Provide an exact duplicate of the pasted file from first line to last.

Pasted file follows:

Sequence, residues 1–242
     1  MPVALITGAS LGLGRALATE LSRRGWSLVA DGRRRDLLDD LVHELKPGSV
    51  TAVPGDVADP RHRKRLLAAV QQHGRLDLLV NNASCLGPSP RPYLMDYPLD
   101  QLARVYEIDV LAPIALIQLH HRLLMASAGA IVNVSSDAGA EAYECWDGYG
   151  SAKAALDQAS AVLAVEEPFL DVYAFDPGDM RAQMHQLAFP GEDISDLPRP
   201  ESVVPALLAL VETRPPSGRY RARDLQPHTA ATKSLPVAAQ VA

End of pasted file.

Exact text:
Sequence, residues 1–242
     1  MPVALITGAS LGLGRALATE LSRRGWSLVA DGRRRDLLDD LVHELKPGSV
    51  TAVPGDVADP RHRKRLLAAV QQHGRLDLLV NNASCLGPSP RPYLMDYPLD
   101  QLARVYEIDV LAPIALIQLH HRLLMASAGA IVNVSSDAGA EAYECWDGYG
   151  SAKAALDQAS AVLAVEEPFL DVYAFDPGDM RAQMHQLAFP GEDISDLPRP
   201  ESVVPALLAL VETRPPSGRY RARDLQPHTA ATKSLPVAAQ VA